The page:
Struggle, as with Sisyphus, unleashes mental energies otherwise lying dormant, a consciousness of societal transformation and individual conviction/commitment only possible under today’s conditions of manipulation, surveillance, and a settled war-psychology, when Negation, both as the ability and willingness to say No to the existing structure of power and system of values, is resolutely maintained, in defeat, bloodied, yet rising up again and again, against the organized forces of wealth, power, militarism, together, at bottom, a compost of decaying Empire and its spirit of nihilism. At some point, democratic structure and practice will win out, if one accepts the Sisyphean paradigm of embarking on the quest in the first place and refusing legitimation to the mere affirmation of what exists. One must leap beyond Camus, activating the meaning of the absurd into a militant defiance wherein every meaningless, inhumane request and burden placed on the individual by society is met by a simple yet persistent and resounding NO!
Here Herman Melville’s “Bartleby, the Scrivener: A Story of Wall Street” comes into view, its subtitle especially—Wall Street, not Main Street, or Elm Street, or the street Dick and Jane lived on, in my third grade reader—reveals the author’s intent, the new archetypal figure of American capitalism surrounded by walls, hemmed in by walls, staring out of his nakedly bare room onto a blank wall, thrown back upon his own resources, tightly-coiled, ready to spring, also, like Sisyphus, storing up the energy to say No to the repression holding him back. We find in Bartleby that No=Defiance=Sought-for Liberation, in a societal context intended to mutilate the individual, destroy his/her will, reduced to a powerless cipher destined to remain in the cubicle which defines the life of alienation. Yet, Bartleby fights back, still in the only way he knows how, “I would prefer not to,” in response to every dehumanizing request and/or order made to him: total non-complicity with the SYSTEM, in sum, a silence which is deafening, this deafening Silence, negation at its shrillest, capable of knocking down structures dependent on passive consent—acquiescence in the consumerist rite, even when long out of reach to those mired in poverty.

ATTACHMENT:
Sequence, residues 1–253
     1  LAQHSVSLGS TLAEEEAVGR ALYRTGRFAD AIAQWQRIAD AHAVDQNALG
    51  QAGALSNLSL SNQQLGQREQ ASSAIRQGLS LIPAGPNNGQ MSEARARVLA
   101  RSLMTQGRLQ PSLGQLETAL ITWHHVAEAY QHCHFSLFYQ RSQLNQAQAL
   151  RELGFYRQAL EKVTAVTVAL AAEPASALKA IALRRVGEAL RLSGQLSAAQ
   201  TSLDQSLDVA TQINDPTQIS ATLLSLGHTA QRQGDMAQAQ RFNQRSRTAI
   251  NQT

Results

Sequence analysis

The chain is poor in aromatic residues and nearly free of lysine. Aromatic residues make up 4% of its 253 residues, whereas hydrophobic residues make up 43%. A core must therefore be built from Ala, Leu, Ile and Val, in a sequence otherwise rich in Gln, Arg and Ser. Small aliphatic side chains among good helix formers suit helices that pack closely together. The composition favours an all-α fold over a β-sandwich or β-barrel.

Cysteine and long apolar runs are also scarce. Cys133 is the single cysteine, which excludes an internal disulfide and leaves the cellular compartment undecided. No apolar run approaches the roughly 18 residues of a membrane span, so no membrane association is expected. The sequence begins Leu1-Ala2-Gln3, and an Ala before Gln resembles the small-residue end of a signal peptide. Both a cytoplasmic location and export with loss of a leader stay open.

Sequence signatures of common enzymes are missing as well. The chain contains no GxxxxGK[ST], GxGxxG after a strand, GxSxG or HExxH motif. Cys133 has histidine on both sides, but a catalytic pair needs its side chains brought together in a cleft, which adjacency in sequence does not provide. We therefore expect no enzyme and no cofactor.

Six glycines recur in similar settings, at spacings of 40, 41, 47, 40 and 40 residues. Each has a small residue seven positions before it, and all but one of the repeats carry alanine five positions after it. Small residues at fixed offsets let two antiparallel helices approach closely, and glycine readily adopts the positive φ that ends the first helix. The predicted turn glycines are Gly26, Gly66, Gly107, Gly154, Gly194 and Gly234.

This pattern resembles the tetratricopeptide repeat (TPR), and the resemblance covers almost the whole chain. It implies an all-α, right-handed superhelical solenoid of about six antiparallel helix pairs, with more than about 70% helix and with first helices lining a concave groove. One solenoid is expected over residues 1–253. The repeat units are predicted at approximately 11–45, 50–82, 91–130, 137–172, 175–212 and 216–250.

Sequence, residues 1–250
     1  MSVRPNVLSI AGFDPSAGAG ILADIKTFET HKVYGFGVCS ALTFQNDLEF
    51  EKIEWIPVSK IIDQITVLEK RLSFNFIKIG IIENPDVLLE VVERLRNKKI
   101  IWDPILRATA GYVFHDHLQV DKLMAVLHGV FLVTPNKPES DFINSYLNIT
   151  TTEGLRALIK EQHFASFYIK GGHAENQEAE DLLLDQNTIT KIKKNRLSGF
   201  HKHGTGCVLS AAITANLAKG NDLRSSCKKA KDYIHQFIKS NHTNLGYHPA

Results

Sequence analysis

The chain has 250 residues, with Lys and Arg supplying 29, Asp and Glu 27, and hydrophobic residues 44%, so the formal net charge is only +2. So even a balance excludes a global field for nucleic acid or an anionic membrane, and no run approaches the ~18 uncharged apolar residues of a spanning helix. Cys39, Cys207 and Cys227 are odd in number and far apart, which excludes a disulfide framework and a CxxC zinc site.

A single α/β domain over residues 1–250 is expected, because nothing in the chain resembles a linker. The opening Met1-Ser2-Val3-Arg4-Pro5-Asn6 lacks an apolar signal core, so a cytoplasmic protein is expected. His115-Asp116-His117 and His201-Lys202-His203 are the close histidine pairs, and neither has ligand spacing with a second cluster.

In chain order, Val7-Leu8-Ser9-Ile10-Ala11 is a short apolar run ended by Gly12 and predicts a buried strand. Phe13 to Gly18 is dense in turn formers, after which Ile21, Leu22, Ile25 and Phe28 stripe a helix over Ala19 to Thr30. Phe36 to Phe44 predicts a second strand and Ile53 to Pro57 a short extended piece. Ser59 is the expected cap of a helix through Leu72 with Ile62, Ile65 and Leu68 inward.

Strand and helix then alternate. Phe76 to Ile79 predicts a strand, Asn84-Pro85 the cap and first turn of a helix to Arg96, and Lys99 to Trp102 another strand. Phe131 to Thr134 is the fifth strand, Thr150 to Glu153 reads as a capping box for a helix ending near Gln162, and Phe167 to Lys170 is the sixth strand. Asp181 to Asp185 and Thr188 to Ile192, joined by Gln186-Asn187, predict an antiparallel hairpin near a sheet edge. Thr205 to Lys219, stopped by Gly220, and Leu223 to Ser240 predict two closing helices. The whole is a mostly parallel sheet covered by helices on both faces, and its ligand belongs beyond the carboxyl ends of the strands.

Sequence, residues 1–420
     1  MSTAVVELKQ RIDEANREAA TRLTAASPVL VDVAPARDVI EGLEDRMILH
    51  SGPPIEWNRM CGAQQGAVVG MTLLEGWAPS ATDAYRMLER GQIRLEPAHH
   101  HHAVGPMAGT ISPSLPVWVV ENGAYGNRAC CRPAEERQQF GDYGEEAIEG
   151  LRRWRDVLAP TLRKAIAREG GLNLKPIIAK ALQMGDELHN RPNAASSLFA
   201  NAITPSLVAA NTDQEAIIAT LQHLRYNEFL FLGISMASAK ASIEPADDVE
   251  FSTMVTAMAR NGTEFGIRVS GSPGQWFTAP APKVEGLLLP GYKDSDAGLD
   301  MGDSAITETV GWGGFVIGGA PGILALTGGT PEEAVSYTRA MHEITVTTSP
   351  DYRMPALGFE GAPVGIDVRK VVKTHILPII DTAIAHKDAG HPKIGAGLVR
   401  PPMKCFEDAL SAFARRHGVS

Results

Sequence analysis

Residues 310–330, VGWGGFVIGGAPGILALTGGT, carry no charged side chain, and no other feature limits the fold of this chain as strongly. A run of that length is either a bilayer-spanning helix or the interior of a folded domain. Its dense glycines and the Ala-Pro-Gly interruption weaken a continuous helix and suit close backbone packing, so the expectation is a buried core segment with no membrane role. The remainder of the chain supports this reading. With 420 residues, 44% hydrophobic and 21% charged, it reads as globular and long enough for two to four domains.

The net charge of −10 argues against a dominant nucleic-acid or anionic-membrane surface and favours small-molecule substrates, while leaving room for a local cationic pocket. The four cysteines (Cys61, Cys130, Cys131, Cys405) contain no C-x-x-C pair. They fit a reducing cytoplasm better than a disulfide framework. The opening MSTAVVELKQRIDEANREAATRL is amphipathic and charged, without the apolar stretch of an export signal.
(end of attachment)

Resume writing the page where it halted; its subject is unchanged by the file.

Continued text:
Those who doubt Melville did battle with alienation (Bartleby’s story) or false consciousness in Moby Dick (the struggle of Ahab to assert his personhood) have not come to terms with his critical spirit and inceptive radicalism, Pierre, the novel, falling between Bartleby and Moby Dick from the standpoint of the vital and necessary search for transcendence in an awakening but increasingly false, confining, undemocratic America. Like Sisyphus, the failure of transcendence dooms the individual to the bottom of the mountain, crushed under the rock of capitalism, or perhaps worse, not crushed in body so much as spirit, yielding to the paralysis of will, opposite to the declaration of negation directed against all things repressive. By that I do not mean the repression-free polymorphous sexuality of Marcuse’s Eros and Civilization, a vision of liberation having little socioeconomic meaning and content, but Melville’s vision of the disciplined pursuit of freedom, transcendence, the epistemological break with a purportedly American Innocence.
Sisyphus and Bartleby, alike, bode ill for the homogenization of American repression; they are rebels where rebellion is not wanted, is in fact a cardinal sin. In our own time, following them, we must say No to war, No to intervention, No to climate change, No to a fiercely unjust system of wealth distribution, No to racism, xenophobia, ethnocentrism, No, therefore, to an American exceptionalism which itself contains the positivism of hegemony, exploitation, repression, and other presumed truths of the human condition. Negation, on behalf of freedom, positivism, on behalf of status-quo repression, Bartleby’s “I would prefer not to” an emphatic affirmation of life through the negation of its unjust, inhumane consequences. His statement, in contrast to the narrator’s (his employer’s complacence), is not contrariness for its own sake, and instead, a principled opposition to the forces of alienation, hence, a manifesto of wholeness to be realized beyond the walls of Wall Street. Bartleby finds no salvation, only imprisonment, starvation, and death within the prison walls, an ending that perhaps awaits us all. But Bartleby, if I may, kept the faith, neither compromising his will nor conceding to the standards of conventional wisdom a moral legitimation which buttresses capitalism against alternative formations and dissenting opinions. Even our narrator glimpses tragedy, when he exclaims at the end, “Ah Bartleby! Ah humanity!”
The fight must continue.